[M]achines have a lot of apparent advantages over us mere flesh bags, as [Stephen] Hawking alluded to. They’re faster thinkers, with bigger, potentially infinite memories; they can network and interface in a way that would be called telepathy if a human could do it. And they’re not limited by their physical bodies.
In [roboticist Peter] Scott-Morgan case, transforming into a cyborg has already come with unexpected benefits. He can no longer speak on his own [due to motor neuron disease] – “I’m answering these questions long after my body has stopped working sufficiently well to keep me alive,” he writes instead – but through his new robot voice, he can communicate in any language.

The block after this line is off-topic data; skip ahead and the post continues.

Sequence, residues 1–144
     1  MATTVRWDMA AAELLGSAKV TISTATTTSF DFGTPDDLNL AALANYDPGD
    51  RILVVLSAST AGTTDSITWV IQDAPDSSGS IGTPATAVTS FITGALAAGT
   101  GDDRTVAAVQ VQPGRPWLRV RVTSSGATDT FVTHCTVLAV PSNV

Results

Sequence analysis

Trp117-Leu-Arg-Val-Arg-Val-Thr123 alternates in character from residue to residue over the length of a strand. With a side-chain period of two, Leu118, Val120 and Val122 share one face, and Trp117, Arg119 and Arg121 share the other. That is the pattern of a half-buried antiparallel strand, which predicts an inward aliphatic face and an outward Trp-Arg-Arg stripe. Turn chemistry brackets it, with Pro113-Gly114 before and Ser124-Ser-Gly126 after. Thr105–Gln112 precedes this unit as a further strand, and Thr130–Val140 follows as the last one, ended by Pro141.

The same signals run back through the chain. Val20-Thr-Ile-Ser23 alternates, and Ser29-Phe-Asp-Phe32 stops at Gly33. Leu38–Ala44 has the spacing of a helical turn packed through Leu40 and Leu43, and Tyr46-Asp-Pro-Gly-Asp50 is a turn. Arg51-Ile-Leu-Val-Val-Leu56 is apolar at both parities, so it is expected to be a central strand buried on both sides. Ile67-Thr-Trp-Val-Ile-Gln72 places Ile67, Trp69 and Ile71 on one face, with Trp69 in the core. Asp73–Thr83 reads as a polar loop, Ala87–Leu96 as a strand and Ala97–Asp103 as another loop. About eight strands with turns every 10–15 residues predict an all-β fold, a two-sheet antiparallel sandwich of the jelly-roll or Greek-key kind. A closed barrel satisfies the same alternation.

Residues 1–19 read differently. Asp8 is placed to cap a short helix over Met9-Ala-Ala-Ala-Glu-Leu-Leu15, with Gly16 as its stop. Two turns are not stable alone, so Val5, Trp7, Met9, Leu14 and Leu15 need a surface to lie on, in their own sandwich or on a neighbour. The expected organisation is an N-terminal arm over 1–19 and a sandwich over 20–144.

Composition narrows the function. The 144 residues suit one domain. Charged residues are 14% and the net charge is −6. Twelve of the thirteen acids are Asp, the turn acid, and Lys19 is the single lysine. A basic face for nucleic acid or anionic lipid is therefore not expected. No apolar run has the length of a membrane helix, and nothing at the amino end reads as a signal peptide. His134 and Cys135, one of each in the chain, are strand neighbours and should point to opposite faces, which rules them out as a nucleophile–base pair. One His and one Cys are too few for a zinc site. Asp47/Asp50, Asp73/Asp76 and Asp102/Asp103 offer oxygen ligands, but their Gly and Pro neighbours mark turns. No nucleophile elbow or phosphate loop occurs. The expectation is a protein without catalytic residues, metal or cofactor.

Just as brain chips could become digital assistants of the mind, [Bionics Queensland’s Robyn Stokes] imagines they could also help manage mental health conditions such as serious depression.
Even then, there are still concerns. While the brain’s now-famed plasticity could help it rewire around implants, for example, some experts warn it could also mean it quickly forgets how to perform important functions, if they are taken over by machines. What then if something fails?
Still, enthusiasts, or “transhumanists”, imagine the next stage of human evolution will inevitably be technological.